The Daito Pagoda towers majestically behind the main tier of the Narita-san Shinjoji Temple. // © 2010 Pride Travel/S. Nathan DePetris
Marc Kassouf is owner and CEO of Pride Travel, specialists in catering to the needs of gay and lesbian clientele. Kassouf holds numerous industry certifications, most notably by CLIA, the Travel Institute and various destination visitors’ bureaus. He sits on two board committees of the International Gay and Lesbian Travel Association, has traveled to almost four dozen countries and has sailed on more than 60 cruises.
Flights heading to the U.S. out of Tokyo’s Narita International Airport depart during all hours of the day and evening, and tour operators tend to offer travelers ample free time at or around Narita airport, without any scheduled sightseeing activities. For some clients, this might seem like a waste of time — but it doesn’t have to be. Travel professionals can use this extra time to build an authentic experience for their clients, and to discover an amazing local treasure: Narita City and the Narita-san Shinjoji Temple.
What to Do
For an “airport town,” Narita City offers a number of meandering streets to uncover, with plenty of local restaurants, shops and parks to enjoy. In fact, many visitors might be surprised to find out that Narita City possesses a historic, centuries-old heritage that was present long before the airport was ever built. A day trip or an overnight stay in Narita will be a pleasant surprise to travelers flying in or out of the Narita airport.
When planning a visit to Tokyo through Narita, agents should plan on giving clients one or two extra nights to allow them to explore the local Japanese culture in the small communities that surround Narita and the Chiba prefecture. Your clients will surely thank you for it.
Narita-san Shinjoji Temple is the town’s crown jewel. Worshipers travel from all over the region to this cultural heritage temple during Buddhist holidays. One can easily spend half a day walking the temple grounds alone, exploring its beautiful winding paths, ponds and pagodas.
To enter the temple, you walk through a traditional Buddhist gate surrounded by nearby stalls that bear curious talismans. Markers dot the hillside to commemorate those who have contributed to the temple’s well-being.
Once you reach the top of the hill, the grounds open up immensely, and a large incense burner, located directly in front of the landing, douses the air with its heavy, yet cleansing smoke. Behind it, the pavilion building acts as the temple’s main worship and meditation hall. To the right of the main hall lies the Sanjunoto, a three-tiered pagoda, one of the most intricately painted structures I have ever seen.
Near the Sanjunoto, there are several benches are available for resting or meditation. If time allows, clients should take the hike up behind the main tier of the pagoda where they will discover small creeks that meander through dense foliage and converge at a lake. Clients should follow the shoreline, tracing a path that heads back into the woods, past a smaller temple, to finish the circuit.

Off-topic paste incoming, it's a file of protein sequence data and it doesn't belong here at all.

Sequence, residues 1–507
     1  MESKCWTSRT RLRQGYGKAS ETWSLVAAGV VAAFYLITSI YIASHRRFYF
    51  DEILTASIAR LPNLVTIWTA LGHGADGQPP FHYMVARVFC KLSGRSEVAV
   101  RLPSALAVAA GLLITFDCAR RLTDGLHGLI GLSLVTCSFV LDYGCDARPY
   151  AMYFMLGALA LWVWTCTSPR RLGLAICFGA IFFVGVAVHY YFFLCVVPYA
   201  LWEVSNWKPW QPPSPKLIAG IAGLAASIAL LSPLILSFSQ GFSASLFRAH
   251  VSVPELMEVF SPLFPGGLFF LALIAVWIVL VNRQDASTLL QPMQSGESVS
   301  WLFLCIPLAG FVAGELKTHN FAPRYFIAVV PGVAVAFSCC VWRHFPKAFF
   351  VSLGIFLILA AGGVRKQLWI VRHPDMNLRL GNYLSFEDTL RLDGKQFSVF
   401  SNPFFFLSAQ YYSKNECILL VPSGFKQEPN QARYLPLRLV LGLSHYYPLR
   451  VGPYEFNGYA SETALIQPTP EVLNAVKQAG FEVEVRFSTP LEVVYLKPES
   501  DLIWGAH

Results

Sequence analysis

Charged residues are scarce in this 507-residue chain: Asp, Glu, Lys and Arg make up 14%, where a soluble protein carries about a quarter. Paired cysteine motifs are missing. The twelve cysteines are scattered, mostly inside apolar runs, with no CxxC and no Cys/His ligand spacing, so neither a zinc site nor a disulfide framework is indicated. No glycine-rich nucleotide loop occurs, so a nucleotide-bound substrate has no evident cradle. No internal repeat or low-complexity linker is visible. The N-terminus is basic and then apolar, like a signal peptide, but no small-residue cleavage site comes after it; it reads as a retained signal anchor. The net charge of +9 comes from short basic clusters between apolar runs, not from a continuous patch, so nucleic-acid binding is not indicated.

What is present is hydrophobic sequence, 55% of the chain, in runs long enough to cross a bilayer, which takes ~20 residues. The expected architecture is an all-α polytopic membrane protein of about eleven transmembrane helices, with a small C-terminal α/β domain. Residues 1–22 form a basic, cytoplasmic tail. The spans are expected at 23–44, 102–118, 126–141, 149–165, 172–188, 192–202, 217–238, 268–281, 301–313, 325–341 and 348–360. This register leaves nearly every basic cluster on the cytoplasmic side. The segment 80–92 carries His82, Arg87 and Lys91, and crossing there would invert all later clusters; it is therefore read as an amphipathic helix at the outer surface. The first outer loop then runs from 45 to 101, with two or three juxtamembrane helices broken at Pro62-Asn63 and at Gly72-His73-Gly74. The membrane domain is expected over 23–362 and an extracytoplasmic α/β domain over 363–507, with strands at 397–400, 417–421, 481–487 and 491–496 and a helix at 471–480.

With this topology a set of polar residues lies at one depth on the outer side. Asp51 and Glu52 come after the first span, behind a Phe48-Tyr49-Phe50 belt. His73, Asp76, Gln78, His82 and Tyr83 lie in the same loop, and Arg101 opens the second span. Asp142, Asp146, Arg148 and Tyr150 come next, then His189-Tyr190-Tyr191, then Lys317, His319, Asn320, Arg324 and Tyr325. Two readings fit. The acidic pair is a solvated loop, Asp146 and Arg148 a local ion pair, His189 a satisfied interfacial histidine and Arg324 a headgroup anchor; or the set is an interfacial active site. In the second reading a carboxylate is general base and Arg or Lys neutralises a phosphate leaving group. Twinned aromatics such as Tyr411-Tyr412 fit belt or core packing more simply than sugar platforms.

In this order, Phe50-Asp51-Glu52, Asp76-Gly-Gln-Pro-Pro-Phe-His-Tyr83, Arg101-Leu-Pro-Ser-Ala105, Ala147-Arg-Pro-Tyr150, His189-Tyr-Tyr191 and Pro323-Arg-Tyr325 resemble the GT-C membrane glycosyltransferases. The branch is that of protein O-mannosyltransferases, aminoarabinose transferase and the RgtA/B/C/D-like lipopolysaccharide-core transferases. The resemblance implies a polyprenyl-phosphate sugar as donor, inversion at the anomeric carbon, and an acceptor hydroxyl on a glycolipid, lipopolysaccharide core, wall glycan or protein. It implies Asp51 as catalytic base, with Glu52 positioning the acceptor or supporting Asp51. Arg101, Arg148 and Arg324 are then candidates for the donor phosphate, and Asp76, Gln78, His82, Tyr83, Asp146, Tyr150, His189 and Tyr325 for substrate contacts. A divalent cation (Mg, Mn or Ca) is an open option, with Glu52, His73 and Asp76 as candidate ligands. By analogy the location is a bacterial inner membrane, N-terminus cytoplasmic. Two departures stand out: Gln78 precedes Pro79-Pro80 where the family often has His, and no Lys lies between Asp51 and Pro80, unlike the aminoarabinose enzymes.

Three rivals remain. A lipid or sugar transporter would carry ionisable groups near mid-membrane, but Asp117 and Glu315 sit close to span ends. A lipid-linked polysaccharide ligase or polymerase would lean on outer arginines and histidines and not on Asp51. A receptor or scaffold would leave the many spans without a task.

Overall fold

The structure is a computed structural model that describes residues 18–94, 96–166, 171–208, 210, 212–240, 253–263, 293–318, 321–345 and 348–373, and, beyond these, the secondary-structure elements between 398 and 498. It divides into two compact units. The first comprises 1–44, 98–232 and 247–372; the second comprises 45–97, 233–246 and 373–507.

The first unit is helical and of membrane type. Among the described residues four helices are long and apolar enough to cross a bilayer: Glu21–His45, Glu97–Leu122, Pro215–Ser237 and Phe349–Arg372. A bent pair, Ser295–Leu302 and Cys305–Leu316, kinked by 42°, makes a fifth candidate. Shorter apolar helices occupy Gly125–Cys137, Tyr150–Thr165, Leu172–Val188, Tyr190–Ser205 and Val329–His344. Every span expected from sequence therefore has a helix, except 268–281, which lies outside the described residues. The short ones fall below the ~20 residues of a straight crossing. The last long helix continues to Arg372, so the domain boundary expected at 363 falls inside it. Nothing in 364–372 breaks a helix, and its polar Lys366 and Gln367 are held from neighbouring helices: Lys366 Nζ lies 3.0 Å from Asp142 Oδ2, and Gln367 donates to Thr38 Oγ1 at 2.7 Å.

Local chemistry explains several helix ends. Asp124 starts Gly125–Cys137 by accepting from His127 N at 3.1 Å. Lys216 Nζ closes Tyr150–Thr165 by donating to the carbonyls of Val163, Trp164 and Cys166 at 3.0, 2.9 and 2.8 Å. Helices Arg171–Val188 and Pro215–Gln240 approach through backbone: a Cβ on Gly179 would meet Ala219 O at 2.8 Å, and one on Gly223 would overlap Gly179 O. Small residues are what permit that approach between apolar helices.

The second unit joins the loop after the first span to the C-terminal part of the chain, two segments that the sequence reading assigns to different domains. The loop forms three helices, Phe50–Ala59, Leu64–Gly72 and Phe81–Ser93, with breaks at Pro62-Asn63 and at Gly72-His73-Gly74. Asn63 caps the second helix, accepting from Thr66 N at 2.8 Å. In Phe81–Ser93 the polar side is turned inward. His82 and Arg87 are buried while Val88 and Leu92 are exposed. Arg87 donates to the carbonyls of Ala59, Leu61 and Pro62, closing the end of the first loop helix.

Where to Eat
Restaurants and shops dot Omotesando, the main street that bisects Narita City and connects the Narita-san Shinjoji Temple and the JR train station, curving into an “S” around the hill. Cuisine ranges from traditional to westernized Japanese food. Clients can also purchase homemade Senbei rice crackers and Yokan sweet-bean jellies in more flavors than they can count; most of these foodstuffs are unique to one store or just a few. If clients taste something they like, it is best that they buy some on the spot.
Near the Omotesando, clients will also find the modest-looking Onoya Ryokan, restaurant and shop. The specialty of the house is a five-flavored soba noodle combination dish, featuring regional cold soba noodles made with various ingredients such as spinach, beets or squash. To mollify any sweet tooth, clients should consider concluding their meals with matcha (green tea) ice cream, which is readily available in many stores and restaurants.
Where to Stay
In Narita and its surrounding towns, ryokans (traditional Japanese inns) offer traditional Japanese accommodations with board for very reasonable prices. Nearby international-style airport hotels also offer excellent world-class accommodations and can be readily booked through hotel wholesalers such as Travel Bound, CCRA or your preferred partner suppliers.
How to Get Around
Taxi cabs can be rather expensive. A short ride, for example, from the Hilton Tokyo Narita Airport hotel to Narita City, might cost more than $120 each way.
A local community bus, the Narita City Round Bus travels from Narita International Airport to Narita City and other points of interest. An adult fare is approximately $2 each way; an adult day pass costs approximately $5.
Be sure to explain to clients that the trips to and from the airport on the bus are of different lengths of time because the system runs in a wide circle. Trips to the airport from Narita-san Shinjoji Temple take about 25 minutes, whereas trips from the closer Aeon Mall take more than an hour to complete since the bus must complete a full circle before returning to the airport. Agents should also include details about the scheduled bus departure frequency. More logistical information, bus schedules, maps and details can be found online at the following Chiba Prefecture informational websites: www.city.narita.chiba.jP/english and www.chiba-tour.jp/narita.
So, whether your clients only have a few hours or one or two days to spare during their next trip to Japan, it is well worth the time and effort to step outside the Narita airport doors and into Narita City.